European Stocks Bounce Back As Russia Withdraws Some Troops From Ukraine Border

European Stocks Bounce Back As Russia Withdraws Some Troops From Ukraine Border

On Tuesday, equities in Europe turned their falling trend and finished in the positive, indicating that Russia may be moving away from the edge of conflict.

The FTSE 100 ended 0.9% higher in London, whereas the CAC concluded 1.9% higher in Paris and the DAX rose 1.9% in Frankfurt.

Miners were among the biggest gainers in London, with Glencore rising as high as 3.9% before retreating somewhat after recording massive profits due to rising commodities prices.

AstraZeneca, though, led the FTSE 100 climbers after announcing excellent findings from late-stage studies of its cancer medication Lynparza.


A sense of peace has also fallen on the tourism industry, as the prospect of a Russia-Ukraine confrontation has receded, amid optimism that bookings would be more durable. At the same time, banking equities were falling.

According to Susannah Streeter, senior investment and markets analyst at Hargreaves Lansdown, investors breathed a sigh of relief at the first hints that Russia may be drawing back from the brink of conflict, with certain industries making minor gains toward a rebound.

"As some Russian forces are said to be withdrawing back to bases from a number of important frontlines, the DAX in Frankfurt and the CAC 40 in Paris have recovered sharply, and the FTSE 100 has also recovered some ground after Monday's falls.”

"However, there is still much skepticism about Moscow's intentions, and investors stay acutely aware of the political landscape."

"Fears are still high since Moscow is plainly worried about the likelihood of Ukraine wanting to join NATO," said David Madden, market analyst at Equiti Capital. "The markets, however, seem to be only concerned with the question of whether or not a war will start."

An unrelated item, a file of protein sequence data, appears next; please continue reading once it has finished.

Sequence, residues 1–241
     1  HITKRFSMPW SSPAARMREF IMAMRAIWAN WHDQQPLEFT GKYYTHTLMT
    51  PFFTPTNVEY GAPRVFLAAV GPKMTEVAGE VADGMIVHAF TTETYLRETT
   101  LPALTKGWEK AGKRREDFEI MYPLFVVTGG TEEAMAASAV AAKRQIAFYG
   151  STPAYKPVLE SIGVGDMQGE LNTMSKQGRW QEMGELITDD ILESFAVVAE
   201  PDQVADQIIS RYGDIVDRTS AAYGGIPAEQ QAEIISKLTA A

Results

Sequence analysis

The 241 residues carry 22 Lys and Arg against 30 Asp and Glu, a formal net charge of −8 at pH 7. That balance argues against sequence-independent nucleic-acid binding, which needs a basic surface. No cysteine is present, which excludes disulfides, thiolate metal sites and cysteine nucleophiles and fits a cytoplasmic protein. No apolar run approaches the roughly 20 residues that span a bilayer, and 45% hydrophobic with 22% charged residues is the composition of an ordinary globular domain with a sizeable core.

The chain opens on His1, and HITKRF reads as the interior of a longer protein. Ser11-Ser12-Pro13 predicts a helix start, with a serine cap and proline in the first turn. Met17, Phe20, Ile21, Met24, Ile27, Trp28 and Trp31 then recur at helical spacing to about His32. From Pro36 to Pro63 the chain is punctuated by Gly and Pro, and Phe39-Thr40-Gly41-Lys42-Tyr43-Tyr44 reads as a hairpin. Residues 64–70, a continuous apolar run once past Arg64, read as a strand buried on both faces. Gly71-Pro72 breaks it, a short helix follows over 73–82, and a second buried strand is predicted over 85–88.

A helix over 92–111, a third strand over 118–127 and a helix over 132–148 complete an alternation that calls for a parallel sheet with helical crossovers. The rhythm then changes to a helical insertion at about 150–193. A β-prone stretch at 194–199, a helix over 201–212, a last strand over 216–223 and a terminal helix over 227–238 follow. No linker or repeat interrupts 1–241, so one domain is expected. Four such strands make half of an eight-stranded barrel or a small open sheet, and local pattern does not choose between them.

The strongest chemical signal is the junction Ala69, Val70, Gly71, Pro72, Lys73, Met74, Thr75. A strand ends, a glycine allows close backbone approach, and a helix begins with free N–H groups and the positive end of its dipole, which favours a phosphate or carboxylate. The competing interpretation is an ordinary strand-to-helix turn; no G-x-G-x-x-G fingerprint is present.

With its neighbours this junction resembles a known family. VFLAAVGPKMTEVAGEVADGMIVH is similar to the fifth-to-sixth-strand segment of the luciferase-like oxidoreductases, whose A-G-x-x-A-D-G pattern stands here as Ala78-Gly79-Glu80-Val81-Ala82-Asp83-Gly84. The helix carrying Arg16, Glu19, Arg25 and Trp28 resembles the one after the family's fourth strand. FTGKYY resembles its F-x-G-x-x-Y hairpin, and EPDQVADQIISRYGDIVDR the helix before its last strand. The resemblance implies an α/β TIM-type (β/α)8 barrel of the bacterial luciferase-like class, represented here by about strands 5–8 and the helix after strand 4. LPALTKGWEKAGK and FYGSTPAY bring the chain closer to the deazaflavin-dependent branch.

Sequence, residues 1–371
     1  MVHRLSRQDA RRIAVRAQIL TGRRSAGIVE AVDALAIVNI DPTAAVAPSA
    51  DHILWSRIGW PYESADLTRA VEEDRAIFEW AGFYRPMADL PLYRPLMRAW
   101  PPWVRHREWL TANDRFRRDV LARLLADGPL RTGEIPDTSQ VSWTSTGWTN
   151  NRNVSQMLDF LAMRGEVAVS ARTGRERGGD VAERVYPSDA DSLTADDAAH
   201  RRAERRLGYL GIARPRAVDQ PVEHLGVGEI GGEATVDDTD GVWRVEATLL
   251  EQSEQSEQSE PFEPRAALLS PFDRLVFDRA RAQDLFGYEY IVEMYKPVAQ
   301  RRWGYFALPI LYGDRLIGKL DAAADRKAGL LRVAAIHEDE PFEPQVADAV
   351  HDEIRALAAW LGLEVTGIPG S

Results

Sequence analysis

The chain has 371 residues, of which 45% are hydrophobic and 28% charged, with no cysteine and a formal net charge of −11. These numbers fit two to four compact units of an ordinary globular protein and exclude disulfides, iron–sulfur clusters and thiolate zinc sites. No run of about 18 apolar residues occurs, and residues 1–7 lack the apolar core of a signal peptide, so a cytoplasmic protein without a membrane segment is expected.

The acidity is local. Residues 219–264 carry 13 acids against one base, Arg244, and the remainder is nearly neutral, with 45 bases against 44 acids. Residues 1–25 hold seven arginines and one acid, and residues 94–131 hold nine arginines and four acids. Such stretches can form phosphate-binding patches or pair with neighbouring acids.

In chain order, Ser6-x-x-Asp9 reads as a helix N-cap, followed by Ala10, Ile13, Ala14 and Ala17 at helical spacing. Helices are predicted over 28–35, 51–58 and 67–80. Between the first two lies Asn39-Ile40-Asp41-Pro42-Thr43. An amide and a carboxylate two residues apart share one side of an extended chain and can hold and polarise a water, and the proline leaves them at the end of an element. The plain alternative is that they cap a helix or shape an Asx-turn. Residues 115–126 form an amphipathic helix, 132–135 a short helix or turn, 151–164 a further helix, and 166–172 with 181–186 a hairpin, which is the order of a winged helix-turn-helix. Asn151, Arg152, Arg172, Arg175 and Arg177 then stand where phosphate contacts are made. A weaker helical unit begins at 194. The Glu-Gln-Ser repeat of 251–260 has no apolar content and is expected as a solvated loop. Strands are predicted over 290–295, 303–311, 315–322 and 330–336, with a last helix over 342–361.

It occurred as wage growth in the UK fell to 3.6%, from 3.8% before, putting more strain on earnings amid fears about a squeeze of cost of living.

This trailed UK inflation, which reached 5.4% in the year to December and is forecast to increase beyond 7% by April when the prices of energy threshold will be raised.

Despite a robust comeback in bonuses, actual overall income dropped in the year to October-December 2021 after correcting for recent increases in consumer prices. Earnings excluding incentives plummeted 1.2% on average, the largest drop in almost 8 years.

It happened as the UK jobless rate stayed stable at 4.1% in the third quarter. Even though the unemployment numbers stayed unaffected, as experts predicted, it is higher than pre-COVID figures of 3.8%.

Across the Atlantic, the S&P 500 climbed 1.4%, while the tech-heavy Nasdaq surged 1.9%. During the afternoon trade, the Dow Jones fell 1.3%.

Despite the fact that US manufacturers raised their prices quicker than predicted in January, contributing to the nation's rising inflation, the atmosphere was optimistic.

The PPI index increased by 1.0% last month, up from 0.4% in December and more than twice as quickly as predicted. Product prices increased by 1.3% in the month, while services cost increased by 0.7%.

Final demand prices increased by 9.7% year-over-year as enterprises raised their pricing over the previous year. This was somewhat lower than the previous month's number of 9.8%, but more than anticipated.

It also came after remarks from a Fed official that the central bank's reputation was "on the line" in battling inflation, fueling speculation that the Federal Reserve is mulling a more hawkish stance. This would start with a 0.5% increase in interest rates next month.

Following the last stormy trading day, the Dow Jones is now down 4.9% year to date, the S&P 500 dropped 7.6%, and the Nasdaq is down 11.9%.

Overnight, Asian stocks mainly sank again, continuing the worldwide sell-off fueled by concerns over the political situation in Europe.

The Nikkei 225 index lost 0.8% in Tokyo after investors dismissed statistics suggesting Japan's economy revived in the last three months of the previous year. In Hong Kong, the Hang Seng dropped 1.1%, while the Shanghai Composite gained 0.5%.